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Summary­

  • After stumbling across a set of old research notes from 2009 and 2012, we attempt to implement a Cyclicals versus Defensives sector trade out-of-sample.
  • Post-2012 returns prove unconvincing and we find little evidence supporting the notion that PMI changes can be used for constructing this trade.
  • Using data from the Kenneth French website, we extend the study to 1948, and similarly find that changes in PMI (regardless of lookback period) are not an effective signal for trading Cyclical versus Defensive sectors.

I love coming across old research because it allows for truly out-of-sample testing.

Earlier this week, I stumbled across a research note from 2009 and a follow-up note from 2012, both exploring the use of macro-based signals for constructing dollar-neutral long/short sector trades.  Specifically, the pieces focused on using manufacturing Purchasing Manager Indices (PMIs) as a predictor for Cyclical versus Defensive sectors.1

The strategy outlined is simple: when the prior month change in manufacturing PMI is positive, the strategy is long Cyclicals and short Defensives; when the change is negative, the strategy is long Defensives and short Cyclicals.  The intuition behind this signal is that PMIs provide a guide to hard economic activity.

The sample period for the initial test is from 1998 to 2009, a period over which the strategy performed quite well on a global basis and even better when using the more forward-looking ratio of new orders to inventory.

Red flags start to go up, however, when we read the second note from 2012.  “It appears that the new orders-to-inventory ratio has lost its ability to forecast the output index.”  “In addition, the optimal lookback period … has shifted from one to two months.”

At this point, we can believe one of a few things:

  • The initial strategy works, has simply hit a rough patch in the three years after publishing, and will work again in the future.
  • The initial strategy worked but has broken since publishing.
  • The initial strategy never worked and was an artifact of datamining.

I won’t even bother addressing the whole “one-month versus two-month” comment. Long-time readers know where we come down on ensembles versus parameter specification…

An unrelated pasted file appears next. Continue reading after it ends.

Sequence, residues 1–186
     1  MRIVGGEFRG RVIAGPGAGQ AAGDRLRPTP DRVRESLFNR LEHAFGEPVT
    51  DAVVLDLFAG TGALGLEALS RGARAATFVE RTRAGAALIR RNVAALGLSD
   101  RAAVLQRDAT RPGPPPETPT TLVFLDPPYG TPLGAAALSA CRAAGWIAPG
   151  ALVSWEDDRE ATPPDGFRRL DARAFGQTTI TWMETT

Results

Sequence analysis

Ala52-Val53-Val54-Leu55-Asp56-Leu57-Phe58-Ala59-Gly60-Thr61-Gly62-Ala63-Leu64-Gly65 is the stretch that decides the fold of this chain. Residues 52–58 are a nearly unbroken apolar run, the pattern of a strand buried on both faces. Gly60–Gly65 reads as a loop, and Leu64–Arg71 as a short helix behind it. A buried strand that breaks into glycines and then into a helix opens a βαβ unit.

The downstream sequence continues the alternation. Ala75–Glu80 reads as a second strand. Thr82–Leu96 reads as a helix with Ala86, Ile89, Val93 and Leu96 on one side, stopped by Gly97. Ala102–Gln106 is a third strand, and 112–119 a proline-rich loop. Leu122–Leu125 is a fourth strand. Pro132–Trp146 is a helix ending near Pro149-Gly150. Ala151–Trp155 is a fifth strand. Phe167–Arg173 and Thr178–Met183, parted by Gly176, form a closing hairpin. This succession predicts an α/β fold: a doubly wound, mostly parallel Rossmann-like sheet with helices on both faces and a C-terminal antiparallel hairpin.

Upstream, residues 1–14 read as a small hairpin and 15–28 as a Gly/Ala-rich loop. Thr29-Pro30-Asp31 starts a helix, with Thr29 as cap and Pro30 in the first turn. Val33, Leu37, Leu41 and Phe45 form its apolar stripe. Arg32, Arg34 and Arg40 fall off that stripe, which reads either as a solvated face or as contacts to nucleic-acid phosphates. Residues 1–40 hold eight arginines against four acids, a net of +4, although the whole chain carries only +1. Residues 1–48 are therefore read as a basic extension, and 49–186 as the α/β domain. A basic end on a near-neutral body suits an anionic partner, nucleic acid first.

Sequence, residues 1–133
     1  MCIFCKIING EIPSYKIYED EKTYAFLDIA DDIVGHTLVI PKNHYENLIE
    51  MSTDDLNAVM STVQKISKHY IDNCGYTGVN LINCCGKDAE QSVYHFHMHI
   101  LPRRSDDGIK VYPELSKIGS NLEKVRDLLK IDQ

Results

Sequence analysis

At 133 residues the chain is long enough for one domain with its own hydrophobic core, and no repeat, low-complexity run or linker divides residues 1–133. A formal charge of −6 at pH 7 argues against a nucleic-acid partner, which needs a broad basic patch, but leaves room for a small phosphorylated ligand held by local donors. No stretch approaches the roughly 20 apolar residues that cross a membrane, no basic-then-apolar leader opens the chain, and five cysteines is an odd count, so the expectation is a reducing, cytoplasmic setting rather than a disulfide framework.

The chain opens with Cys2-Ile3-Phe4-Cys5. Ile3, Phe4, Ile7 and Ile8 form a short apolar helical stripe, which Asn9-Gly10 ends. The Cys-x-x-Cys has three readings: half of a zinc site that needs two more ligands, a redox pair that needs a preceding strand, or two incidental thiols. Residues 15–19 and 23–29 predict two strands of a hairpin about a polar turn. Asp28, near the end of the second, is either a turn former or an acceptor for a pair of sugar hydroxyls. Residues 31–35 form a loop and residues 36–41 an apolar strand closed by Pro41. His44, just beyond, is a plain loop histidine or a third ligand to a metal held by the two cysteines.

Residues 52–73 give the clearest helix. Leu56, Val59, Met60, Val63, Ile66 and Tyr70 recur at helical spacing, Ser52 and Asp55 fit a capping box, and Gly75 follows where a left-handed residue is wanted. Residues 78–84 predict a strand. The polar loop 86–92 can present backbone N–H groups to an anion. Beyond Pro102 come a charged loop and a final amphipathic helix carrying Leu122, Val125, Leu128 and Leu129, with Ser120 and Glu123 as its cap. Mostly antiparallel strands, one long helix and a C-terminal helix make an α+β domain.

Fortunately, we do not have to pass qualitative judgement: we can let the numbers speak for themselves.

While the initial notes focused on global implementation, we can rebuild the strategy using U.S. equity sectors and US manufacturing PMI as the driving signal. This will serve both as an out-of-sample test for assets, as well as provide approximately 7 more years of out-of-sample time to evaluate returns.

Below we plot the results of this strategy for both 1-month and 2-month lookback periods, highlighting the in-sample and out-of-sample periods for each specification based upon the date the original research notes were published.  We use the State Street SPDR Sector Select ETFs as our implementation vehicles, with the exception of the iShares Dow Jones US Telecom ETF.

Source: CSI Data; Quandl. Calculations by Newfound Research.  Results are hypothetical.  Results assume the reinvestment of all distributions. Results are gross of all fees, including, but not limited to, manager fees, transaction costs, and taxes. Past performance is not an indicator of future results.  

 

The first thing we notice is that the original 1-month implementation – which appeared to work on a global scale – does not seem particularly robust when implemented with U.S. sectors.  Post publish date results do not fare much better.

The 2-month specification, however, does appear to work reasonably well both in- and out-of-sample.

But is there something inherently magical about that two-month specification?  We are hard-pressed to find a narrative explanation.

If we plot lookback specifications from 3- to 12-months, we see that the 2-month specification proves to be a significant outlier. Given the high correlation between all the other specifications, it is more likely that the 2-month lookback was the beneficiary of luck rather than capturing a special particular edge.

Source: CSI Data; Quandl. Calculations by Newfound Research.  Results are hypothetical.  Results assume the reinvestment of all distributions. Results are gross of all fees, including, but not limited to, manager fees, transaction costs, and taxes. Past performance is not an indicator of future results.  

 

Perhaps we’re not giving this idea enough breathing room.  After all, were we to evaluate most value strategies in the most recent decades, we’d likely declare them insignificant as well.

With manufacturing PMI data extending back to the 1948, we can use sector index data from the Kenneth French website to reconstruct this strategy.